Sleep Deprivation Increases Mortality in Female Mice Bearing Ehrlich Ascitic Tumor

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Maragno-Correa, Jussara Maria Ragonezzi [UNIFESP]
Patti, Camilla L. [UNIFESP]
Zanin, Karina A. [UNIFESP]
Wuo-Silva, Raphael [UNIFESP]
Ruiz, Francieli S. [UNIFESP]
Zager, Adriano
Sa-Nunes, Anderson
Tufik, Sergio [UNIFESP]
Andersen, Monica L. [UNIFESP]
Frussa-Filho, Roberto [UNIFESP]
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Objectives:Sleep deprivation is a growing public health hazard, yet it is still under-recognized. Sleep disorders and disruption of sleep patterns may compromise the immune function and adversely affect host resistance to infectious diseases. This is a particular risk in cancer patients, who report a high frequency of sleep disturbances. the present study investigated the effects of sleep deprivation on the development of Ehrlich ascitic tumors (EAT) in female BALB/c mice. Our study also evaluated whether EAT would induce alterations in sleep pattern. Spleen lymphocyte cell populations and mortality were also quantified. Methods: Female BALB/c mice were intraperitoneally inoculated with EAT cells. Immediately after the inoculation procedure, animals were sleep deprived for 72 h. Ten or 15 days after inoculation, the number of tumoral cells was quantified and the lymphocytic cell population in the spleen was characterized by flow cytometry. in addition, the effect of sleep deprivation on EAT-induced mortality was quantified and the influence of EAT on sleep patterns was determined. Results: Sleep deprivation did not potentiate EAT growth, but it significantly increased mortality. Additionally, both EAT and sleep deprivation decreased frequencies of splenic CD4+, CD8+ and CD19+ cells. With respect to sleep patterns, EAT significantly enhanced paradoxical sleep time. Conclusions: Although sleep deprivation did not potentiate EAT growth, it decreased the survival of female tumor-bearing mice. Copyright (c) 2013 S. Karger AG, Basel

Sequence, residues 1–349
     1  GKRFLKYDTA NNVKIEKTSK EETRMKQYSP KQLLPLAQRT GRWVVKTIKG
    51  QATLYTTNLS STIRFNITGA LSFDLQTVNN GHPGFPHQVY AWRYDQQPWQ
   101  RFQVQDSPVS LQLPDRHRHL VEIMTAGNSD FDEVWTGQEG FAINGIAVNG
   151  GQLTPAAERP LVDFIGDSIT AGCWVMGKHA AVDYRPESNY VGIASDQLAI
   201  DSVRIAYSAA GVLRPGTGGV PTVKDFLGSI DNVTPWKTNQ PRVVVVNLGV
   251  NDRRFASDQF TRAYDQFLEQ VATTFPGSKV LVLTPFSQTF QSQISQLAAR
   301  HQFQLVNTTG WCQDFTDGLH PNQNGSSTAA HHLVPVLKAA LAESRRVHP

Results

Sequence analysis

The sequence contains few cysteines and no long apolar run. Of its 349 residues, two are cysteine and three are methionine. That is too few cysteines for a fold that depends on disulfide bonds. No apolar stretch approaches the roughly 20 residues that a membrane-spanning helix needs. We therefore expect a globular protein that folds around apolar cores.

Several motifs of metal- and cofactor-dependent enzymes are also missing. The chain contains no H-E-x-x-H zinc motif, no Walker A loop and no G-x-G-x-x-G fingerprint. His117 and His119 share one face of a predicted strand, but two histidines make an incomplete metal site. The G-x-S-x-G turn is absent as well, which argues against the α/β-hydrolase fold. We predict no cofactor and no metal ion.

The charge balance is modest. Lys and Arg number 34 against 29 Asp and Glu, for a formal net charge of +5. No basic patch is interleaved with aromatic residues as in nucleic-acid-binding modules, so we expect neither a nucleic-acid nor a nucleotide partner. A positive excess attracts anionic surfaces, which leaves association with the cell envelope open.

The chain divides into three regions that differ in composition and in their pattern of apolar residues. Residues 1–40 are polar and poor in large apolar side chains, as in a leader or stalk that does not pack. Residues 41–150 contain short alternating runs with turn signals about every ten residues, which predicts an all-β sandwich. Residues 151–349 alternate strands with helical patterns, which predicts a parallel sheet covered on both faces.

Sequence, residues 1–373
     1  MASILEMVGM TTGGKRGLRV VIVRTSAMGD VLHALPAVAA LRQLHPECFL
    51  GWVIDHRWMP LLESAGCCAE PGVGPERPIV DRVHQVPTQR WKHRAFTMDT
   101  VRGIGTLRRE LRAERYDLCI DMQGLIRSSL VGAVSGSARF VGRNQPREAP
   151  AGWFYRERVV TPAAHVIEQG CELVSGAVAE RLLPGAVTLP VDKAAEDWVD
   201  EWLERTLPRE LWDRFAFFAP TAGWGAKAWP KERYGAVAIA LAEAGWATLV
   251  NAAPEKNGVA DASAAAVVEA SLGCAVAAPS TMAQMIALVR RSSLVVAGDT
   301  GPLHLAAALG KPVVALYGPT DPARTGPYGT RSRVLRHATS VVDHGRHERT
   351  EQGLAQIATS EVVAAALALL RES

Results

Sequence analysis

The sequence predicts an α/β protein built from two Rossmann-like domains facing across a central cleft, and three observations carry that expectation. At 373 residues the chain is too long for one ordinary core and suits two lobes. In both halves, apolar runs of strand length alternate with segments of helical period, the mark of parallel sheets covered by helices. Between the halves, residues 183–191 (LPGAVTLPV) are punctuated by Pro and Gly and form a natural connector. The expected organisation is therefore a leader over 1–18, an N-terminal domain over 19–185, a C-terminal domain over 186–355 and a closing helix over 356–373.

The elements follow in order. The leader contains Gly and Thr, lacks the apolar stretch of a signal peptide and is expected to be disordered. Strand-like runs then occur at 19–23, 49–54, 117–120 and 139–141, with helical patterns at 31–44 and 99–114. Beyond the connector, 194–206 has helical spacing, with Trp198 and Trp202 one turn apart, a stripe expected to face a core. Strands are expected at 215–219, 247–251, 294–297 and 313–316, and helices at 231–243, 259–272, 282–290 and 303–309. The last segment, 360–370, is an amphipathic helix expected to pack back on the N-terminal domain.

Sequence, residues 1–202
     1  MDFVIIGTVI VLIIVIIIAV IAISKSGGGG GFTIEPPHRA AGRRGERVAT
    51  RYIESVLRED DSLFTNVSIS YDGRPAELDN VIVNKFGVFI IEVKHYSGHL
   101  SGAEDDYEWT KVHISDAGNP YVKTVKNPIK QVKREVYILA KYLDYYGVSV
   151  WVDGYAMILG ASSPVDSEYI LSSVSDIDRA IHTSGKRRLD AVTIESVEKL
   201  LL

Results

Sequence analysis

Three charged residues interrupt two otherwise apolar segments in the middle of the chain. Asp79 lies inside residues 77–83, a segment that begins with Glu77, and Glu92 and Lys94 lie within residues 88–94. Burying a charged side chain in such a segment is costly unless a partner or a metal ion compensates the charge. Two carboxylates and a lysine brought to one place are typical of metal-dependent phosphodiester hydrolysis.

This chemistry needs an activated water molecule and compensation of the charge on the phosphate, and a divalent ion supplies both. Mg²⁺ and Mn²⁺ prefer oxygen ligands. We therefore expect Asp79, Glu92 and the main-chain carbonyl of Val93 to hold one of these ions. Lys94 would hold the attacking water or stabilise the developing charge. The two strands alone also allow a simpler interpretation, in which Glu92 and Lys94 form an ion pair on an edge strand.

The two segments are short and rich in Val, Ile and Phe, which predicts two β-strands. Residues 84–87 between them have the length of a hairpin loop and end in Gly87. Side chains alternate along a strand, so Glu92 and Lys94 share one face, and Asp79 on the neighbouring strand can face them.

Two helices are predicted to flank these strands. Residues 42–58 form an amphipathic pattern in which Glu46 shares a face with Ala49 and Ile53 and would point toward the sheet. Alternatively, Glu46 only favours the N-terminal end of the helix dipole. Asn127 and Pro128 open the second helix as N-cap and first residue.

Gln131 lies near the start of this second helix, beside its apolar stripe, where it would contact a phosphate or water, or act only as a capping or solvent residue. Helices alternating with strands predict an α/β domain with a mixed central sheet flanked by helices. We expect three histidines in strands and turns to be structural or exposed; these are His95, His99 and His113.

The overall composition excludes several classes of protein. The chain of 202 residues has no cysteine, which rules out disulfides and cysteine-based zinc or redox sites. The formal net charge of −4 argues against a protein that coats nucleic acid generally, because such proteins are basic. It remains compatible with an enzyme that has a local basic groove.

Neuroimmunomodulation. Basel: Karger, v. 20, n. 3, p. 134-140, 2013.